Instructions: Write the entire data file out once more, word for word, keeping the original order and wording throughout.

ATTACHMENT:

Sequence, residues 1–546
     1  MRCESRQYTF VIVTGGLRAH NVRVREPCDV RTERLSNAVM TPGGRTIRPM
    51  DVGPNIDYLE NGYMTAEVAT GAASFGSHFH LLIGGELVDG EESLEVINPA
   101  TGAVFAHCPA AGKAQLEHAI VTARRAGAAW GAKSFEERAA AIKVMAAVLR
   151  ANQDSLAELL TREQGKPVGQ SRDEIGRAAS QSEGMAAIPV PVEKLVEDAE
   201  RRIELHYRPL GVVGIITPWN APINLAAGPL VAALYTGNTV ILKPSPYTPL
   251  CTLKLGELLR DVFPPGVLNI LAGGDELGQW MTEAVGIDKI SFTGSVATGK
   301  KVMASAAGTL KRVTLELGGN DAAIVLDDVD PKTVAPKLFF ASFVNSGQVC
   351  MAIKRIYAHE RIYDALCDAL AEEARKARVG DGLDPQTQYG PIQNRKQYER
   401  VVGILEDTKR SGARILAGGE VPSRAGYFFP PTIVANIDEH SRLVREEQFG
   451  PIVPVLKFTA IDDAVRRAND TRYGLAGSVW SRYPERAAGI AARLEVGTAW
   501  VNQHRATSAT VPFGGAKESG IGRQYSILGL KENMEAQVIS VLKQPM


Sequence, residues 1–546
     1  MRCESRQYTF VIVTGGLRAH NVRVREPCDV RTERLSNAVM TPGGRTIRPM
    51  DVGPNIDYLE NGYMTAEVAT GAASFGSHFH LLIGGELVDG EESLEVINPA
   101  TGAVFAHCPA AGKAQLEHAI VTARRAGAAW GAKSFEERAA AIKVMAAVLR
   151  ANQDSLAELL TREQGKPVGQ SRDEIGRAAS QSEGMAAIPV PVEKLVEDAE
   201  RRIELHYRPL GVVGIITPWN APINLAAGPL VAALYTGNTV ILKPSPYTPL
   251  CTLKLGELLR DVFPPGVLNI LAGGDELGQW MTEAVGIDKI SFTGSVATGK
   301  KVMASAAGTL KRVTLELGGN DAAIVLDDVD PKTVAPKLFF ASFVNSGQVC
   351  MAIKRIYAHE RIYDALCDAL AEEARKARVG DGLDPQTQYG PIQNRKQYER
   401  VVGILEDTKR SGARILAGGE VPSRAGYFFP PTIVANIDEH SRLVREEQFG
   451  PIVPVLKFTA IDDAVRRAND TRYGLAGSVW SRYPERAAGI AARLEVGTAW
   501  VNQHRATSAT VPFGGAKESG IGRQYSILGL KENMEAQVIS VLKQPM